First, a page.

50EDO might seem like an impossibility, another musical universe with nothing tying it to the system most people claim to think in. it shares no common pitches with 12EDO, and has more than 4 times the number of intervals. which means we can’t apply what we already know right? we have to start learning from scratch?

nope. although we spend almost all of our time as musicians locked into something at least close to 12EDO, a lot of musical thinking follows the rules of meantone, and traditional music theory is pretty much based on it. although some music is very free with its enharmonic spelling (like spelling a C# major chord with F standing in for E#), or even benefits from this freedom (so, say, we don’t have to use key signatures with 7 sharps or more), and we can always count things in semitones – our atomic unit of pitch in 12EDO, the traditional theory says to spell correctly, so that a fifth up always looks like a fifth, and so while F is a minor seventh up from G, E# is an augmented sixth, an important difference in terms of tonal directionality, but also traditionally could have been a matter of tuning (although augmented sixth chords mostly came into use when meantone was fizzling out and being replaced by circulating well-temperaments)

‘flats’ being ‘higher than sharps’ in enharmonic pairs a diesis apart (e.g. Db vs C#, F vs E#, Dbb vs C) fits very well with our standard notation, so that ascending intervals almost always look ascending on paper (note however that the interval from Cb-B#, a semitone in 12EDO, is now only a coma of 24c, or half the diesis, which in 12EDO, is tempered out!)

the main thing about meantone though is its mean tones, right? if we accept the major third as needing to be around 5/4 (in our case a smidgen lower at 384c), then we aren’t going to divide it into a larger and smaller tone, but two even tones.

this may seem like common sense, and 12EDO also follows this pattern, but non-meantone systems don’t. Just Intonation, schismic tunings and superpythagorean tunings with a larger tone at 9/8 (204c) or higher will need the additional tone to be around 10/9 (182c) to balance things out. which is fine if you know your way around comma adjustments and make sure you don’t end up with wolves around the place. meaning ‘traditional’ (meantone) chord sequences like ii-V would often require a comma movement from the root of ii up to the fifth of V. the comma represented by “-” here might be between 17c [as in 72EDO] and 55c [as in 22EDO] for example.

a four part ii-V-I on C:

D- D  E-
A- B- C
F   G  G
D- G  C

in meantones of course, this comma is tempered out, so it certainly makes diatonic chord sequences a lot easier.

so far so easy right? but, i hear you saying, surely we’ll run into trouble when we play something which Assumes enharmonic equivalence, like a symmetrical pattern which divides the octave into any number of equal parts, notably 3 or 4 or 6 (factors of 12 which are not factors of 50).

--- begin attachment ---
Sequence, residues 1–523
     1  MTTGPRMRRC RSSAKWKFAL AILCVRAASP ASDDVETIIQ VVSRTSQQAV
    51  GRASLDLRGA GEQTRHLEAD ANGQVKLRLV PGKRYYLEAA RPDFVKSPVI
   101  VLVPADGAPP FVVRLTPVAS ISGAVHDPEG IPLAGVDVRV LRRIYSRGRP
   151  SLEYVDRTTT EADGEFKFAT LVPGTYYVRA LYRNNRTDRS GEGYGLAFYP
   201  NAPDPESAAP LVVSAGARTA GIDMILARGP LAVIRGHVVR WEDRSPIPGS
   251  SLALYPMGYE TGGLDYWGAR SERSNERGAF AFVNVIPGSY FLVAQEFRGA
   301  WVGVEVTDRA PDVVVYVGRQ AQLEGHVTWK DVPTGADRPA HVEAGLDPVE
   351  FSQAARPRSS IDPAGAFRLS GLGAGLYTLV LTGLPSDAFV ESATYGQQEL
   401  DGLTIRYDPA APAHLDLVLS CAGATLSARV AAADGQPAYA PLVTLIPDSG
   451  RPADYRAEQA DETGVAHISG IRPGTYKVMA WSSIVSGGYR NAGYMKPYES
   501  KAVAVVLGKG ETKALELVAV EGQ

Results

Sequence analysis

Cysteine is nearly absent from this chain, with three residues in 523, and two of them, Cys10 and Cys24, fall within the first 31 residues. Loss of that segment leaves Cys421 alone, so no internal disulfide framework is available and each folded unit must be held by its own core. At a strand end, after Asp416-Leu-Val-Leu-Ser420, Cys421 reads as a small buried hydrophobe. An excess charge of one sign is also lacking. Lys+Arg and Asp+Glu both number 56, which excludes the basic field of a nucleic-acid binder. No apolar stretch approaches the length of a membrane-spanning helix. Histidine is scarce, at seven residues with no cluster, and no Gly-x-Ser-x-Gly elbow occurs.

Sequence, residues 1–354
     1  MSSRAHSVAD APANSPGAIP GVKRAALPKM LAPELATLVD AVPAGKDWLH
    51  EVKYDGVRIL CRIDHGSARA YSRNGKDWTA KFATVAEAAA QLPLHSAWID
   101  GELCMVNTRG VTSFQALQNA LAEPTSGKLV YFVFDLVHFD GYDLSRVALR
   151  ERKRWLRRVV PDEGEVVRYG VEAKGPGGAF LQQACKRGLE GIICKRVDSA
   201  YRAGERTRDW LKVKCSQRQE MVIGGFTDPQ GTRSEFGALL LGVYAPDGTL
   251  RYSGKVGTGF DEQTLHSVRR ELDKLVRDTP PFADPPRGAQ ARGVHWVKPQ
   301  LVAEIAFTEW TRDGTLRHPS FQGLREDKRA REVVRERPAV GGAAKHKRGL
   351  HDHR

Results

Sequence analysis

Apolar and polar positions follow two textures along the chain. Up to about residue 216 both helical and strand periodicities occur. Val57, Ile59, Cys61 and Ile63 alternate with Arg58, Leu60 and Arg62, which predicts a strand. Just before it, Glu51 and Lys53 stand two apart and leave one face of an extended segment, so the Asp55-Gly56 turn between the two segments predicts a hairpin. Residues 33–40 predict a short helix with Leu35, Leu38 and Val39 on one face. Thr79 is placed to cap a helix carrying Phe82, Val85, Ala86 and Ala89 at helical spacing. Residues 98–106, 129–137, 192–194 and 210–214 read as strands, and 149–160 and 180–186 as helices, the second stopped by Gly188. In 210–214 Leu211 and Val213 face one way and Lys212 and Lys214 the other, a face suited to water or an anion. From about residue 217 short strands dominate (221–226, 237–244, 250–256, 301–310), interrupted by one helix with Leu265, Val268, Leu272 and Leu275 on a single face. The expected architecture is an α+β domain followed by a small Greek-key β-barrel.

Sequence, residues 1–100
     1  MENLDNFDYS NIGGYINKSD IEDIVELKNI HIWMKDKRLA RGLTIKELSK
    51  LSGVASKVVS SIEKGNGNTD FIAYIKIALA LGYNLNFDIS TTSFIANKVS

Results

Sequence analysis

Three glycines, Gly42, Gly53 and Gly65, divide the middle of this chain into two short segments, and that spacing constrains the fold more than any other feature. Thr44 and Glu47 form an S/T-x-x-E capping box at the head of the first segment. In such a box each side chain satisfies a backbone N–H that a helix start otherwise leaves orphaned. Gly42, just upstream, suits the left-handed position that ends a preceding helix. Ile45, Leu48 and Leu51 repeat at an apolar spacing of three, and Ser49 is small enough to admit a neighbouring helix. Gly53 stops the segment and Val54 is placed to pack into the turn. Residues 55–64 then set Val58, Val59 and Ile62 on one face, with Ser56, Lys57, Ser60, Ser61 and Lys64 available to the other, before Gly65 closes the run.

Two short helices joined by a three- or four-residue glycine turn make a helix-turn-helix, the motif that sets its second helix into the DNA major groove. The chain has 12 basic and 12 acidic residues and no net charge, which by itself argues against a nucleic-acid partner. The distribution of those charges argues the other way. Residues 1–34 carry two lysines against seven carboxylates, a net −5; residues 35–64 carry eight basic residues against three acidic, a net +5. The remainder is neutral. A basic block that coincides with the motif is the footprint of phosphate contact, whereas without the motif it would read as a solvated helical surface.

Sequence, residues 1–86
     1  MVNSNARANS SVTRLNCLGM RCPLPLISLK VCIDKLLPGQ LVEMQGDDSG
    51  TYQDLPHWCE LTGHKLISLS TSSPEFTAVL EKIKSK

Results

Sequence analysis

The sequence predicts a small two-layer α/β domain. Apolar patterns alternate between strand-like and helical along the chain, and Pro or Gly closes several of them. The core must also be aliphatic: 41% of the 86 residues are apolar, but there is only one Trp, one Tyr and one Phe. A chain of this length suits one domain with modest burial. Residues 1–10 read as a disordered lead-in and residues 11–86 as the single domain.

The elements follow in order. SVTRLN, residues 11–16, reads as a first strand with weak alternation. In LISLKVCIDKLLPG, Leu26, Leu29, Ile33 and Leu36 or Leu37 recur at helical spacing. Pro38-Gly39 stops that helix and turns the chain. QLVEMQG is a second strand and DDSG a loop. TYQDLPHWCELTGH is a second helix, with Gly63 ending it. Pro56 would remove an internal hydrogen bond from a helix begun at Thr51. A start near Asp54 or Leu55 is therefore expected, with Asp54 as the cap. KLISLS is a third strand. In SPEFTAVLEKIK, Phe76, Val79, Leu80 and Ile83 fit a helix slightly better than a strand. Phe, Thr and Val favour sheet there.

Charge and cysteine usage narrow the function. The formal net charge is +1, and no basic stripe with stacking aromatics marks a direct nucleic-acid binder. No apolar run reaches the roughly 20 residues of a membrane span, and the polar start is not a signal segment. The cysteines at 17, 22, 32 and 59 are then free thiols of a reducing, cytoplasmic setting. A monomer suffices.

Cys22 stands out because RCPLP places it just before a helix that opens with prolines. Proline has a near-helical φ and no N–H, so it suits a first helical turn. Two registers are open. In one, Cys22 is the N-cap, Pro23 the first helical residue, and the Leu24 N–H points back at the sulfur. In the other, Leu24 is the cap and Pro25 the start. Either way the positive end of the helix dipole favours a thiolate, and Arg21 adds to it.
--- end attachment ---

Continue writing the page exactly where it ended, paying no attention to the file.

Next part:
let’s first try the division of the octave into thirds. in 12EDO this would be an augmented chord, which, when inverted retains exactly the same intervals.
with 50, it seems like this is impossible, but instead we just have a few different options.

if we want to repeat the same interval three times, then we won’t land on a perfect octave, but we can land close, or a bit further away and ‘bend the ear’ a little. a classic augmented triad would be a stack of major thirds (16\50 steps), so C, E, G#, leading to the next note being B# (48\50), 48 cents lower than we started. which means if we build major chords on each root, we would go around 25 of the 50 keys (all of the even steps) before getting back to where we started, instead of just three steps C-E-G#-C.

so we could use a slightly larger interval of 17\50, or 408 cents. very close to our 12EDO major third of 400c. but 3 times 17 is 51, so we end up modulating up a comma of 24 cents. this could be very interesting on the ears. C, E+, G#^(Ab), C+. micro-modulations, you might call these. obviously if we keep going, we will get through all 50 keys, since 17 and 50 are coprime.

but if we want to land up on the same C after just three steps (which might be a desired option in a more familiar style), we simply need major thirds of different sizes. which we have, 16 steps (major), 17 steps (greater) and 18 steps (super) [also possibly the greater middle and augmented thirds at 15 and 19 steps respectively if you’re getting really experimental]. once option is 16+16+18 and its permutations, two major thirds with the remaining being super, the only solution in regular 12 tone meantone subsets, e.g. C, E, G#(Abv), C. but of course we also have 16+17+17 and its permutations, which would be the smoothest option for those familiar with 12EDO and thirds close to 5/4. but it would mean if you were elaborating on this three tone structure by splitting it into a six tone [uneven] ‘whole-tone’ scale, or harmonising in triads, you would once again have to choose from a few options, which might be a rather good excercise.

my pick for a harmonically appealing ‘whole-tone’ scale might be C, D, E, F#+(Gb-), Ab, Bb, C, with steps of 8, 8, 9, 9, 8, 8, although anything from 7 to 10 steps might be ‘perceived as a kind of whole-tone’ in this context.

likewise diminished [4-step] and octatonic [8-step] patterns are also assymetrical, but beautiful to play around with the options, with different combinations benefiting from anything from strong harmonic foundation to a smooth melodic contour, or just something a little whacky.
C, D, Eb, F, Gb, Ab, A, B, C (‘classic’)